If the nickel is employed in its antimonide form, the combination will have the empirical formula NiSb in which x can have a value of from about 0.33 to about 2.0, preferably 0.6 to 1.0. Suitable forms are NiSb, NiSb Ni Sb, Ni sb Ni Sb Ni Sb and Ni sb The proportions of nickel and antimony need not be stoichiometric. Generally, the nickel is employed in the form of NiY in which Y is arsenic or antimony and x has a value from about 0.33 to about 2.0, preferably about 0.6 to about l.0.
If cobalt and iron are substituted for nickel, the same empirical formula applies.
Generally then, the catalysts of this invention have the formula MY, in which M is a metal selected from the group consisting of nickel, cobalt and iron, Y is arsenic or antimony and x has a value from about 0.33 to about 2.0, preferably about 0.6 to about 1.0. Because of its greater selectivity, Y is preferably arsenic.
For purposes of this disclosure, the invention will be most frequently explained in terms of the nickel arsenide catalyst without meaning to limit the invention thereto. All uses and applications of any one of the catalysts specifically designated are intended to apply to all of the catalysts which are the subject of this invention.
While a supported type catalyst is preferred, the catalyst can also be employed in a nonsupported state as, for example, in the form in which the principal components are coprecipitated from a sol.
In its supported state, any conventionally employed nonacidic or relatively nonacidic catalyst support can be used. Preferable supports include gamma-alumina, alpha-alumina, silica, magnesia, charcoal, calcium aluminate, natural or synthetic molecular sieves and their combinations. In general, the granular support will have a surface area of about 1 to about 400 square meters. per gram.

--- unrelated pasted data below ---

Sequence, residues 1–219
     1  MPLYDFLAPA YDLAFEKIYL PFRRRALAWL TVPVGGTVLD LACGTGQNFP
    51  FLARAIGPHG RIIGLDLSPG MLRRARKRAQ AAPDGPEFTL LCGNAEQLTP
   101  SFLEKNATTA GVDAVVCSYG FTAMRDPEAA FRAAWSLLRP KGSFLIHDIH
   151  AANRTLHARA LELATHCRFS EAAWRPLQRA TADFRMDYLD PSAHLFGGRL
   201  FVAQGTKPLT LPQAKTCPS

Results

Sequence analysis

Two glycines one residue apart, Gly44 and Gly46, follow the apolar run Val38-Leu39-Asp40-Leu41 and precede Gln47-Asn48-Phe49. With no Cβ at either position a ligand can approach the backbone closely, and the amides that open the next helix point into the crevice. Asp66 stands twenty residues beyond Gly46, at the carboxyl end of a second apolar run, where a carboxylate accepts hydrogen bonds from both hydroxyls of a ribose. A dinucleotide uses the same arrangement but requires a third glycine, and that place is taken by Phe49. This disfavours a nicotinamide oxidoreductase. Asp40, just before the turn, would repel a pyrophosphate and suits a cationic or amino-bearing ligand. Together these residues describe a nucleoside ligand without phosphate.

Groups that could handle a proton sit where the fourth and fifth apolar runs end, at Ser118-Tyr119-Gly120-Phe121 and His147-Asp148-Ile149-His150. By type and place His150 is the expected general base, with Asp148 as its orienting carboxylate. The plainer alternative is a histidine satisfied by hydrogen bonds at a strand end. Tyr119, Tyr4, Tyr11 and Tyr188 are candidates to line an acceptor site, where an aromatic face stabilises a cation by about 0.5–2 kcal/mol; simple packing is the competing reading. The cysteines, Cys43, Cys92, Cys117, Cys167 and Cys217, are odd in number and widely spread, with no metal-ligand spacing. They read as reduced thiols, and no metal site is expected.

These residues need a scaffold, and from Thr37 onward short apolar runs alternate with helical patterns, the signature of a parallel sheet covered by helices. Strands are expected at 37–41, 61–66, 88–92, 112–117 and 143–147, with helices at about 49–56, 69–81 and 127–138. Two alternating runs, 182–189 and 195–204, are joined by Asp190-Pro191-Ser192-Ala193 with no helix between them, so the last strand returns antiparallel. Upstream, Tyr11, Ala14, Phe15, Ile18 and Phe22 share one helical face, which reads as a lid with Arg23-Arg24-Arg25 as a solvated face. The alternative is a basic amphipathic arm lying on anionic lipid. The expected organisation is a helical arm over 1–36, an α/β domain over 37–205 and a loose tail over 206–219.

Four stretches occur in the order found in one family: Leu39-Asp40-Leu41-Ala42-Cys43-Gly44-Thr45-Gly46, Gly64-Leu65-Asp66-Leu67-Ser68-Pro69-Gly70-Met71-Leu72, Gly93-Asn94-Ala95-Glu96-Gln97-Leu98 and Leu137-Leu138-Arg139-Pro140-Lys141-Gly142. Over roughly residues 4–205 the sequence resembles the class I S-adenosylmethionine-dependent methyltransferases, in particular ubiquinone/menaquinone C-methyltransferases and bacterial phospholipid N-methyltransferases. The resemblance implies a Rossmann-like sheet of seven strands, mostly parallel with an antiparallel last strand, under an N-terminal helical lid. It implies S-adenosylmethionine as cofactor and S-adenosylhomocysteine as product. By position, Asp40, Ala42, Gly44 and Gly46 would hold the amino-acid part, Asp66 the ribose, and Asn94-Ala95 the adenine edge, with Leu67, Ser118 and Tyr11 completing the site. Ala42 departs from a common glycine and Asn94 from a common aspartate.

In the preparation of the catalysts, the nickel and arsenic, or antimony, can be simultaneously deposited on the support as, for example, by precipitating nickel arsenate or nickel antimonate on the support; or the support can be impregnated with the nickel and the arsenic, or antimony, in individual treatments. In either instance, sufficient nickel is employed to deposit about 0.1 to about 20, preferably from about 0.5 to about 10, weight percent nickel on the support and sufficient arsenic or antimony is employed so as to produce a finished catalyst containing from about 0.05 to about 50 weight percent, preferably 1.0 to weight percent, arsenic or antimony. Thus, the catalyst can be prepared by impregnation of a suitable catalyst support with a water soluble salt, such as a nitrate, halide, etc. of nickel, cobalt, or iron. The impregnated support can then be calcined and re-irnpregnated with an aqueous solution of, for example, ammonium arsenate prepared by dissolving arsenic trioxide in ammonia-water.
under any method of preparation the base, after deposition thereon of the materials concerned, can be washed to remove undesirable soluble salts, dried, calcined in air, and then reduced with hydrogen at any suitable temperature and pressure which is sufficient to produce the active nickel arsenide or antimonide. For example, hydrogen reduction at atmospheric pressure at 500to 800F for 0.1 to hours can be used. In some instances, the calcination in air step can be omitted.